If Jeff Armijo's relationship with indicted ex-state Treasurer Robert Vigil was a big issue, you wouldn't know it last night. The native New Mexican trounced rival Tom Buckner in the race for state auditor, grabbing 62% to Tom's 38%. Bernalillo county results were not quite as impressive where the scandal coverage has been heaviest; Buckner held him below 60% here, but that was the only shadow on an otherwise bright night for the travel agency owner. The R's nominated Dan Alvarez, but he may withdraw and a new candidate, according to Republican sources, should be named later this month. It will take a major effort to stop Armijo now and whether the GOP will come with the necessary funds is the open question.

My analysts also thought that the unopposed nomination of Dem James Lewis for state Treasurer, an office he held in the 80's, also bodes well for the majority party as it tries to shed its ethical baggage. He's another candidate with a reputation for integrity, they said, giving him a strong advantage over the GOP's Demesia Padilla, an ABQ CPA.


The easy ouster of controversial politician E. Shirley Baca by State Expo Chair Sandy Jones for the Public Regulation Commission seat down south raised the expert eyebrows. Sandy shut the door on Shirley when he rolled over her in her home county of Dona Ana. Her pot bust in late 04' was no doubt a major reason for her defeat, even though she reminded voters the charge was dismissed. This is a D district and Jones is expected to take the seat in November.

We had a good night on the air, but there's always one race that gives you trouble. This time it was the PRC race for northwest NM. Derrith Watchman-Moore had the early lead, but it wasn't until very late that we noticed that McKinley County Clerk Carol Sloan had eased past her to claim the victory. Also losing out in this one was former Bernalillo County Commissioner Steve Gallegos. It's seen as an easy win for the D's in November.


The highlight of the Dem legislative contests was the four way race for the Dem nomination for the state House seat on ABQ's West Side being vacated by Harriet Ruiz. Antonio "Moe" Maestas raised the young, "progressive" Dem flag and coasted to victory over Pat Baca, Jr. Maestas took 34% of the vote to Baca's 27% with Dominic Aragon and Dan Serrano trailing. This is another heavy Dem district and Maestas should be sitting in the Roundhouse next year.

In the GOP's banner legislative race, the expensive duel for the state House seat being vacated by Avon Wilson in Roswell, educator Mike Kakuska, backed by oilman Mark Murphy, came up short as he was defeated by Nora Espinoza whose campaign was led by conservative State Senator "Lightning" Rod Adair.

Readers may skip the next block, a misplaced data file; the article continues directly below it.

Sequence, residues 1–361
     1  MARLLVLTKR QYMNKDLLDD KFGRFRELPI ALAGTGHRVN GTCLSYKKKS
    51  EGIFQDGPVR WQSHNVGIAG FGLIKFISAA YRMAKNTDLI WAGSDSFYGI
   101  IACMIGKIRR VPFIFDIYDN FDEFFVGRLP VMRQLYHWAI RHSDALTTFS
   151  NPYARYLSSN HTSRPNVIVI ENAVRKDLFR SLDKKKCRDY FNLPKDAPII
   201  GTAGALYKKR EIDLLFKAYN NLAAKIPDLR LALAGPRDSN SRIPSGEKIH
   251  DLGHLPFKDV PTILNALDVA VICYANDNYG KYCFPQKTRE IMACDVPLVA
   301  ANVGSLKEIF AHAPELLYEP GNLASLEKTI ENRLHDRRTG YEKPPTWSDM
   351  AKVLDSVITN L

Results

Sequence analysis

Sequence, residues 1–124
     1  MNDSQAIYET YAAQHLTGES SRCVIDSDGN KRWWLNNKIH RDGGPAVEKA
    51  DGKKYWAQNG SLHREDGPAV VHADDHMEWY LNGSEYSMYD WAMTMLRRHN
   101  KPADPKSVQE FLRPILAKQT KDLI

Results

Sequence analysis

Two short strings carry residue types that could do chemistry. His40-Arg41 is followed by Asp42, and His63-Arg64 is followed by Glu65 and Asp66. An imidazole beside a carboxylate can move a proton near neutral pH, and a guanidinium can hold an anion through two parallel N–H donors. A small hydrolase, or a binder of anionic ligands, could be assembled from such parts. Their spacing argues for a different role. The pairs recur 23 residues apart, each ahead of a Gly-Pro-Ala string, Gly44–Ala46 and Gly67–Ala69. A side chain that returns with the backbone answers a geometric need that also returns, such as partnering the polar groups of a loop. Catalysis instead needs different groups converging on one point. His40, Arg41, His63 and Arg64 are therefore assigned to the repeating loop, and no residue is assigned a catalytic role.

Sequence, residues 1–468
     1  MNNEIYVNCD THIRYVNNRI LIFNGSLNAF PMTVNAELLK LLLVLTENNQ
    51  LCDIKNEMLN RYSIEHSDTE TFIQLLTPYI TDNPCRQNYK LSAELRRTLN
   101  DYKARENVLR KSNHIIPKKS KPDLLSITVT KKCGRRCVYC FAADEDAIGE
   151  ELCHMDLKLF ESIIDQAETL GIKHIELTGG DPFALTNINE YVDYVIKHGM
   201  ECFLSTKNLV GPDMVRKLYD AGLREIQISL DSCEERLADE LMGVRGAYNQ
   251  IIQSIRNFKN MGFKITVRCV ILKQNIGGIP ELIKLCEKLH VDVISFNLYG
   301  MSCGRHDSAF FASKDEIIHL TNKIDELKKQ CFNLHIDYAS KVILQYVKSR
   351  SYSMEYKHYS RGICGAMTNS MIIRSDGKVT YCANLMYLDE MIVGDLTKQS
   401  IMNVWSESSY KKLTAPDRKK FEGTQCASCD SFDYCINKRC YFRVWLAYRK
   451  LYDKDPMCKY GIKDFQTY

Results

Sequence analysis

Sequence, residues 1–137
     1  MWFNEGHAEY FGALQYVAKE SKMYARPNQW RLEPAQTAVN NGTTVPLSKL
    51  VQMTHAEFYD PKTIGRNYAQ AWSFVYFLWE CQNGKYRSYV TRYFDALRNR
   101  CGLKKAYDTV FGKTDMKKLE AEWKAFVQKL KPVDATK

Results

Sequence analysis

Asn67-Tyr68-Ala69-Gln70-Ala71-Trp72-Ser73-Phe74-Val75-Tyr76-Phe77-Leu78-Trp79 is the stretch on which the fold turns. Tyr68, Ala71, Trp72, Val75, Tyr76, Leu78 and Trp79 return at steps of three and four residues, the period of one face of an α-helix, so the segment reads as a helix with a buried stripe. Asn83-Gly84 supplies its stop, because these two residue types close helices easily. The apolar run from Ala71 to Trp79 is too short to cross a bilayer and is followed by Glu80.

Before the primary Murphy signaled that he is considering running for the state chairmanship of the GOP. The defeat could impact those plans. In another widely watched GOP primary battle, contractor Richard Berry won easily and is on his way to the Legislature as no Dem is running for the seat. Berry took out James White who was backed by state House Minority Leader Ted Hobbs and who is retiring.

The youngest member of the NM Legislature, 27 year old Justine Fox-Young, and a thorn in the side to the House Dem leadership, is positioned to continue giving them headaches. She dismissed a challenge from Bob White who she defeated in a GOP primary two years ago in her ABQ NE Heights district. She has a Dem opponent, John McWaters, who will try to make her road back to Santa Fe a bit rocky, but the district is heavy R.


Allen McCulloch has the financial resources to cause some headaches for U.S. Senator Jeff Bingaman. Will he? The Farmington urologist scored an impressive 51% of the vote to overcome ABQ State Senator Joe Carraro and ex-Santa Fe City Councilor David Pfeffer to become the GOP nominee for Bingaman's seat. McCulloch took some hits for a late attack on Carraro, but the fact that it did not backfire may encourage him to go rough on Jeff. Still, the senator remains the heavy favorite to secure a fifth, six year term when voters go back to the voting booths for the general election.


Thanks to all who tuned in to our broadcast last night and early this morning. The bottom line is that it is time to put this election to bed, and your blogger too.